Ken clay eyepatch

Some of my readers may recall that I had an eye operation in 2013 to take care of a serious condition that had occured in my left eye – an ocular melanoma had developed from a “freckle” on my retina, which my optometrist had noticed during an eye exam.

Recently, a theatre acquaintance contacted me to see how I had been effected long-term by the circumstance, as she had just gone through the procedure with the same doctor I had used. I directed her to my original post about the operation, at this link: https://asota.wordpress.com/2013/04/14/eye-surgery-did-that/ as well as my one year follow up: https://asota.wordpress.com/2014/04/08/eye-surgery-the-journey-continues/ .

She said these links helped her a great deal to understand what I have been going through, but she still had questions, since I had not touched on the matter in the blog since writing about it in 2014. Lots has happened since then.

The original piece I wrote on 2013 is viewed by one or more people nearly every day. (As of today it has been read over 1500 times and last month saw the most reads EVER with 86 views). Someone Googles “ocular melanoma” and finds the listing for the entry. So in order to promote better understanding about what to expect with this surgery, I thought I would do another update.

It took about two years from the time of the surgery for my left eye to be what I would call “useless”. That is to say, I could not use it to distinguish much else but light. There was a small area at the top of my periphery where I could make out how many fingers a person held up, but that did not constitute functionality. This loss was not a surprise, as Dr. Minturn, my surgeon, had said that that was what I could expect to have happen.

In truth, the doctor had administered several injections in my eye during 6 or 7 of my quad-annual visits to delay rapid sight-loss and he seemed pleased with the results.

About injections into an eye: this is not nearly as awful as you might expect. The eye surface is deadened and the shot itself results in the tiniest pinch. It is worse to think about than it is to endure.

By the third year, the loss of sight had furthered but it had little change in my everyday vision – the biggest loss being my peripheral vision on my left side. I still drive, with the help of “blind-spot” aiding mirrors. The biggest problem that occurs is that when walking in a crowd, I will sometimes bump into people, if I do not remember to scan left as I move along. No one has been injured in these mishaps, but a lot of apologies have occurred.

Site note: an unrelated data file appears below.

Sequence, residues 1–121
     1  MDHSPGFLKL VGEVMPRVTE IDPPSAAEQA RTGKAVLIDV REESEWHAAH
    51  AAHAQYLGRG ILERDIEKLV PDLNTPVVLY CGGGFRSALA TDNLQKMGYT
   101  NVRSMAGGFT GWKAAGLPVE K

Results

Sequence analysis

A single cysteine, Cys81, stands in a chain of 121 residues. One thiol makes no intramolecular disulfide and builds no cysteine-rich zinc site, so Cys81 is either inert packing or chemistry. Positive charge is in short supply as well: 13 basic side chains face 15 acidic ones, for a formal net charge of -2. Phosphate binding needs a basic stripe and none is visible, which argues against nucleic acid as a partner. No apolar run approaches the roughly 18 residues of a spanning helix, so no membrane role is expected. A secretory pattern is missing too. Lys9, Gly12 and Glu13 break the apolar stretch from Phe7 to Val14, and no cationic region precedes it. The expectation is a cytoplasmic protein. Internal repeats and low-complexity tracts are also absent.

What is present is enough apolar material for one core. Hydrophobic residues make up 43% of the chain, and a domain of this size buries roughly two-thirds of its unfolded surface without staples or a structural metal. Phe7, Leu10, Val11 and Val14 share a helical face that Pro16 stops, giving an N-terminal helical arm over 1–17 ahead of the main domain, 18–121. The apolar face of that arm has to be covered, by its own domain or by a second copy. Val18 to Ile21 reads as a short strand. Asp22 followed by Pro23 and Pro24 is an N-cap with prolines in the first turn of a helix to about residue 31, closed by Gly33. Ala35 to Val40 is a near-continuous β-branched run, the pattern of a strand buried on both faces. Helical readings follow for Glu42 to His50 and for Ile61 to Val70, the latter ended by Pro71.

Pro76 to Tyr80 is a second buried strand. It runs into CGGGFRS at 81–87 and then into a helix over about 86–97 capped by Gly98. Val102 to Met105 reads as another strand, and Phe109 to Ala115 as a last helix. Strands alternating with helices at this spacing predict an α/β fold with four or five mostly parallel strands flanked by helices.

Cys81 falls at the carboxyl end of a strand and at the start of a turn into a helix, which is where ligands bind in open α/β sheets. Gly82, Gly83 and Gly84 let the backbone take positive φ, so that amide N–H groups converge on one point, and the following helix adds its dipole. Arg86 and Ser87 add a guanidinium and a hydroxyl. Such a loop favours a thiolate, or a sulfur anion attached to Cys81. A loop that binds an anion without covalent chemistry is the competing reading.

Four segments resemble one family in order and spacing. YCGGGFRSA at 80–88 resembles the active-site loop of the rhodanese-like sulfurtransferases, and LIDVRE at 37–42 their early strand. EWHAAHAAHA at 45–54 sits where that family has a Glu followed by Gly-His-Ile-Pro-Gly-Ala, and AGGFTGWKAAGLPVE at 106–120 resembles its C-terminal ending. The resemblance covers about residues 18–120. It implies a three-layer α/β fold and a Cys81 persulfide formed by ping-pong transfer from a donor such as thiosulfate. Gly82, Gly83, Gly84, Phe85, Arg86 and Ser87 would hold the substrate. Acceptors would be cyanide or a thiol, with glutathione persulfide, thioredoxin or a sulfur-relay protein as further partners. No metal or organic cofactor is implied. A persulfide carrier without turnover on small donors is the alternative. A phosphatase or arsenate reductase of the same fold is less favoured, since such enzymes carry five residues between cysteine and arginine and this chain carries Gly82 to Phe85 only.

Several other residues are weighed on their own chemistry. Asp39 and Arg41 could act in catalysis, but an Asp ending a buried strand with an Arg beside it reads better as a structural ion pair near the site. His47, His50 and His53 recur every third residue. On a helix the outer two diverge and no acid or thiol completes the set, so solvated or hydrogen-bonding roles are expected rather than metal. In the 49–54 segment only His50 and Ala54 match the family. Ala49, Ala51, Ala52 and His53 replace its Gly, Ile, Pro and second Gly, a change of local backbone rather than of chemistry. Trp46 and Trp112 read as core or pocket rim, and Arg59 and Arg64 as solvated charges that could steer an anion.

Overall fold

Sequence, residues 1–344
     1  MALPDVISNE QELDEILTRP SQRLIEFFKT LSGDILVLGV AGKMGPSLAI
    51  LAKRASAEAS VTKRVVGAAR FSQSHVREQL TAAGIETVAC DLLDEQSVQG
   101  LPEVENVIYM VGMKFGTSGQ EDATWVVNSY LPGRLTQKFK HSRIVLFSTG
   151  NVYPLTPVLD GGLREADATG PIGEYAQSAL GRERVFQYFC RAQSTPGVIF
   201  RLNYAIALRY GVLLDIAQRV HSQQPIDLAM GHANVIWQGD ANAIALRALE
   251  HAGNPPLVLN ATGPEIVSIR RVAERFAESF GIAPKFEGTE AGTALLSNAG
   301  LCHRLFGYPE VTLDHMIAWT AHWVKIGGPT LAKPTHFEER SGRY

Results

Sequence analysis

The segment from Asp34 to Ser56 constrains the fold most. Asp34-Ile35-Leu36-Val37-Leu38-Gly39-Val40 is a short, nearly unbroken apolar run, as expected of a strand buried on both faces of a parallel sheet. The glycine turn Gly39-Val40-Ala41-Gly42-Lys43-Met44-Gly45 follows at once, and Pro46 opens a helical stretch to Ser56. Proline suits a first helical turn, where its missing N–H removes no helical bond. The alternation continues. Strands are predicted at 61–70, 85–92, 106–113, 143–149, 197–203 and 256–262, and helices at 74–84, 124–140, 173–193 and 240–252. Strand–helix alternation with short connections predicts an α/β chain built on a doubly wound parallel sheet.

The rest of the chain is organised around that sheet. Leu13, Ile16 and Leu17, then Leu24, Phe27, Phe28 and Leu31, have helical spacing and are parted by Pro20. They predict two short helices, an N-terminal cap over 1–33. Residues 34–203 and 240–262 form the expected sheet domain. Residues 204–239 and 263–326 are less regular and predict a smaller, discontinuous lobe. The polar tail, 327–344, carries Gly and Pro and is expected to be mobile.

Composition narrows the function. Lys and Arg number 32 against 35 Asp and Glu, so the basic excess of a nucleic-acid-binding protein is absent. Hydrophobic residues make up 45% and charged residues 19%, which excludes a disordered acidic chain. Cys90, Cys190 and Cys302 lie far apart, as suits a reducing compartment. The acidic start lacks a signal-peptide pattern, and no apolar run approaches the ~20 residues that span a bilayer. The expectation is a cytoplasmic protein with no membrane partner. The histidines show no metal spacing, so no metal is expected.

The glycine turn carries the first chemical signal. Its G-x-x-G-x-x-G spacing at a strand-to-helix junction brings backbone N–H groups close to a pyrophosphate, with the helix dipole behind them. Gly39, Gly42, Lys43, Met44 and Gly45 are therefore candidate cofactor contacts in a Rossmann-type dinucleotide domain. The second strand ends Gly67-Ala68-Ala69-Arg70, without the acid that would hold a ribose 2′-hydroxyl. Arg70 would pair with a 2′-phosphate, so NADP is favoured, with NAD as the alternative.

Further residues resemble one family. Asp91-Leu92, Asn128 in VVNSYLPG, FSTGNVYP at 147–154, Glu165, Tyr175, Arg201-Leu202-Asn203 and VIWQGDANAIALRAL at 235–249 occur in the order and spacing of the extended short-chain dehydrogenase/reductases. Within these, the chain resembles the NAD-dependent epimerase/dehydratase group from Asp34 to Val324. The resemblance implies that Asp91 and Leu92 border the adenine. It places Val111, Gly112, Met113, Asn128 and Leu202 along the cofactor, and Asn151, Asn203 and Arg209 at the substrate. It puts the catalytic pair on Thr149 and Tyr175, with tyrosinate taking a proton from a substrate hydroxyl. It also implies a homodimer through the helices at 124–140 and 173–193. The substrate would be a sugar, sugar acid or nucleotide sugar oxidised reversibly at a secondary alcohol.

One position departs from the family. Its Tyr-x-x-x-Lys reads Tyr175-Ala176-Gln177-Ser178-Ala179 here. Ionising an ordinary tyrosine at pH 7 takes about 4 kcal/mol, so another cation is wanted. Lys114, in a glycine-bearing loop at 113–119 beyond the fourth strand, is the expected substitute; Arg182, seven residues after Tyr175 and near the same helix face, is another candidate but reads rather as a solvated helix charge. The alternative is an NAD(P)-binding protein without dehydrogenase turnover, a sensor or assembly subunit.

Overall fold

I had given some thought to wearing an eye patch and getting a contact lens for my right eye, but Dr. Minturn shot that down pointing out how glasses afforded some valuable shielding for my one good eye. I chose to go with his recommendation.

If anything, I can enjoy my monocular sight better now that my left eye has lost all sharp imaging. (What I do see with that bad eye now, I liken to looking up at the overcast sky and noting the glow of the sunlight and of the sun itself. That cloudy and indistinct presence of light matches what I see.) Before the loss, I had had trouble reading or watching television because my bad eye had added its blurry image to the mix of signals that my brain was trying to comprehend. Much of the time my brain could filter that blurry stuff out, but if my eyes got tired, it would be less choosey and add the blur in. I would try to overcome that distraction by covering that eye or winking out the fuzzy image. Sometimes it worked, sometimes not. Now if my left eye adds data to my vision, all it adds is a fogginess.

Presently, I have learned to accommodate the loss of one side of vision without much trouble. I barely think about it. I still see Dr. Minturn every 6 months, and I have to get annual x-rays and scans to ensure that cancer cells have not spread to other organs, particularly my liver. But for the most part, being “half-blind” causes little distress and no discomfort.

If you have had this procedure or condition, I suggest you follow your doctor’s orders and proceed through the steps of loss and recovery with his or her guidance.

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